This article is part of Demystifying AI, a series of posts that (try to) disambiguate the jargon and myths surrounding AI.
Pre-trained large language models (LLM) can do impressive things off the shelf, including text generation, summarization, and coding. However, LLMs are not one-size-fits-all solutions that are suitable for every application. Occasionally (or frequently, depending on your application), you’ll run into a task your language model can’t accomplish.
In such situations, one of the options you have is to fine-tune the LLM. Basically fine-tuning is the process of retraining a foundation model on new data. It can be expensive, complicated, and not the first solution that should come to mind. But it is nonetheless a very powerful technique that should be in the toolbox of organizations that are integrating LLMs into their applications.
Here is what you need to know about fine-tuning large language models. Even if you don’t have the expertise to do it yourself, knowing how fine-tuning works can help you make the right decisions.
What is LLM fine-tuning?
While this is an article about LLM fine-tuning, this is not a problem that is specific to language models. Any machine learning model might require fine-tuning or retraining on different occasions. When a model is trained on a dataset, it tries to approximate the patterns of the underlying data distribution.
To better illustrate the concept, consider a convolutional neural network (CNN) designed to detect images of cars. The model has been trained on tens of thousands of images of passenger cars in urban settings. It has tuned its parameters to the shapes, colors, and pixel patterns that are often seen in those kinds of cars and environments. And it performs very well when used on images of cars in cities.
Now, suppose you want to use the same model in an application that involves detecting trucks on highways. The model’s performance will suddenly drop because the underlying distribution is significantly different.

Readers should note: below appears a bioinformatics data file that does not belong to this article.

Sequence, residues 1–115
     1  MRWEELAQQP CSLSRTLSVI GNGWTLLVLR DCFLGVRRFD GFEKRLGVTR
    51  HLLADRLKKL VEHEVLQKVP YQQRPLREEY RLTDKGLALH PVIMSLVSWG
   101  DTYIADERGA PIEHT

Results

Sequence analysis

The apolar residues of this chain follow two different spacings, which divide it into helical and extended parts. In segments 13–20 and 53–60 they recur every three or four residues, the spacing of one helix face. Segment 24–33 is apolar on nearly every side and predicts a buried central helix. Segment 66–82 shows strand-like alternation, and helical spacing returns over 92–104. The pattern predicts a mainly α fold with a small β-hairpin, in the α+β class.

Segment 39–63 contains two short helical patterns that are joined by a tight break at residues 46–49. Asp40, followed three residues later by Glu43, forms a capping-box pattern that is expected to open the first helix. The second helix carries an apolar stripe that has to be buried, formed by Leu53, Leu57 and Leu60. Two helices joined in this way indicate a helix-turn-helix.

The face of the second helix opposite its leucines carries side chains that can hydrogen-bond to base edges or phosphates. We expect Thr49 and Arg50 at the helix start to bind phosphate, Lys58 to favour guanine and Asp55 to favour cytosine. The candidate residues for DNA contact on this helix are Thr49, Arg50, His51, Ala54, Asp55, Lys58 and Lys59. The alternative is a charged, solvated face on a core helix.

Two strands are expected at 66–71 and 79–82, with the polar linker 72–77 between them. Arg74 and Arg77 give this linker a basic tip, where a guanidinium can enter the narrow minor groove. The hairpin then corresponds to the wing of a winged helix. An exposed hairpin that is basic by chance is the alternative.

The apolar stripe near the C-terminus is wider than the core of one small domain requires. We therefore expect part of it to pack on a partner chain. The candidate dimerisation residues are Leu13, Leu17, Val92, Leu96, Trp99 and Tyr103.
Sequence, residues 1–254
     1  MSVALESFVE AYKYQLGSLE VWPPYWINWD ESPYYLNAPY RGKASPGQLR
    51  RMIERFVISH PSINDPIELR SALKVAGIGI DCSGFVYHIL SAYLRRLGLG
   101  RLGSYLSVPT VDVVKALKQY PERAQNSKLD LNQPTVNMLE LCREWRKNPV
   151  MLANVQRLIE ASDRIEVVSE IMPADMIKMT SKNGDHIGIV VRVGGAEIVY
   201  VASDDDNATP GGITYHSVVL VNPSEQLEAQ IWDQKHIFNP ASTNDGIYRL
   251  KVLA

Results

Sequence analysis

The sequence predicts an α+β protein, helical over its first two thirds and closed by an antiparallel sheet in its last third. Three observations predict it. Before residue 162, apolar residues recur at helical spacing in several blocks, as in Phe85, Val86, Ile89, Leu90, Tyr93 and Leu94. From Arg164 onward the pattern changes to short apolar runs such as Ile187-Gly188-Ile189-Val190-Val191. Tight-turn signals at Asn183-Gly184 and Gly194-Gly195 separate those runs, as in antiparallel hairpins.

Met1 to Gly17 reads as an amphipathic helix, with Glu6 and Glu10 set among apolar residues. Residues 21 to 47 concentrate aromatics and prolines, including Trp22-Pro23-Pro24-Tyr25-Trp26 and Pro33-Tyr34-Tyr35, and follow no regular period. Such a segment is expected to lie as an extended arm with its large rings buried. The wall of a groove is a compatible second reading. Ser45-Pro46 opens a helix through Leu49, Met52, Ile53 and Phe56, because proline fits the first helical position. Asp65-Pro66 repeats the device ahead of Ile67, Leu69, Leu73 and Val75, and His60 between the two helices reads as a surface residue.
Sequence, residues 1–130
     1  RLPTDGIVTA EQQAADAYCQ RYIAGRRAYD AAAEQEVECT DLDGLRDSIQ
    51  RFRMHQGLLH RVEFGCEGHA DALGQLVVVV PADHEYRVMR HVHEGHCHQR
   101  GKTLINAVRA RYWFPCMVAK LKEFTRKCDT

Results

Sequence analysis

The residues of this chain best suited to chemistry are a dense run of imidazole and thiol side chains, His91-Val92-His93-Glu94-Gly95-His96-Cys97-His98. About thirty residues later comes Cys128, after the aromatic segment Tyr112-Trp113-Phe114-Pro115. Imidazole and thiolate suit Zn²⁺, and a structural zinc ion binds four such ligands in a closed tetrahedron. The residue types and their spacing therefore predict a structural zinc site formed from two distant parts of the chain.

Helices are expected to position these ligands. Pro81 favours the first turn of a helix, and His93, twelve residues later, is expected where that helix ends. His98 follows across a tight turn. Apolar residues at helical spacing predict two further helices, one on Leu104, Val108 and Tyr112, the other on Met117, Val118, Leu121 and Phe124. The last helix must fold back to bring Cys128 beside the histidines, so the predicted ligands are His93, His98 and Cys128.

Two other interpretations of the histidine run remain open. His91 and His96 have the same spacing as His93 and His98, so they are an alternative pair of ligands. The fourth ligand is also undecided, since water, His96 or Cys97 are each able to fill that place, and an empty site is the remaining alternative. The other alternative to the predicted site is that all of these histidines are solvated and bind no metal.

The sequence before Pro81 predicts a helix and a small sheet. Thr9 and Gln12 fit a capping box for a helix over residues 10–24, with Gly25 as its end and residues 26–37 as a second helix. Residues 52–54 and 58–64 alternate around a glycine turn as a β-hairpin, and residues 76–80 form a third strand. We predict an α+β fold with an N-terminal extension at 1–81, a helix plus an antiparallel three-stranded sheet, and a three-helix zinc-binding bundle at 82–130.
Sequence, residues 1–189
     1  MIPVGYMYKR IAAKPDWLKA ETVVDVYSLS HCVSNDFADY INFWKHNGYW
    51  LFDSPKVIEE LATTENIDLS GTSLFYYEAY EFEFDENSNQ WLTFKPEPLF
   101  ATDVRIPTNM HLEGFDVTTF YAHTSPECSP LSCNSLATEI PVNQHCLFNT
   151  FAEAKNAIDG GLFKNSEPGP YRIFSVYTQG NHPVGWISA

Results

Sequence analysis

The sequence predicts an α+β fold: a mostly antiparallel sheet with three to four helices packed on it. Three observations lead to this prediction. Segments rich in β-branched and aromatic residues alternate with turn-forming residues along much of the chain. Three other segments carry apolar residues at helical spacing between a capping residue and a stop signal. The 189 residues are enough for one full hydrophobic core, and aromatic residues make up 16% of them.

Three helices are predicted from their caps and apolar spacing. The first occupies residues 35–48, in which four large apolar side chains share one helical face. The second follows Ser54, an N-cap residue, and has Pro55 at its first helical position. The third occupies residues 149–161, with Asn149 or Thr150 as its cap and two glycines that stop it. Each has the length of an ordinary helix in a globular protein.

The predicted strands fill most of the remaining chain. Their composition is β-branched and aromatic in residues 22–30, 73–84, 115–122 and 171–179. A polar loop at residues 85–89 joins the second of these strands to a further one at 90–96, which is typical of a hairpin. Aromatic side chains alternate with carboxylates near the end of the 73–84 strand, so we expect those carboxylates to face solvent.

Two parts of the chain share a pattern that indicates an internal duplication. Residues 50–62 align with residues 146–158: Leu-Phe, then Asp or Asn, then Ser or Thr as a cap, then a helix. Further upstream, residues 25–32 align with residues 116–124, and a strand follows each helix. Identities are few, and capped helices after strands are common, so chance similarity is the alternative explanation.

In this case, one option would be to train the model from scratch on images of trucks on highways. But this would require you to create a very large dataset containing tens of thousands of labeled images of trucks, which can be expensive and time-consuming.
Incidentally, trucks and passenger cars have a lot of visual features in common. Therefore, instead of training the new model from scratch, you can continue where the trained model left off. With a small dataset of truck images (maybe a few thousand or even a few hundred) and several epochs of training, you can optimize the old model for the new application. Basically, under the hood, fine-tuning updates the model’s parameters to match the distribution of the new dataset.
This is the idea behind fine-tuning. You take a trained ML model and use new data to update its parameters for new settings or repurpose it for new applications.
The same rule applies to language models. If the distribution of the data used to train your model is significantly different from your application, you might want to consider fine-tuning it. This can happen if, for example, you’re using an LLM for a medical application but its training data did not contain any medical literature. However, fine-tuning LLMs has its own nuances that are worth exploring.
Different LLM fine-tuning techniques
Not all forms of fine-tuning are equal and each is useful for different applications. In some cases, you want to repurpose a model for a different application. For example, you have a pre-trained LLM that can generate text. Now, you want to use it for a different type of application, such as sentiment or topic classification. In this case, you will repurpose the model by making a small change to its architecture before fine-tuning it.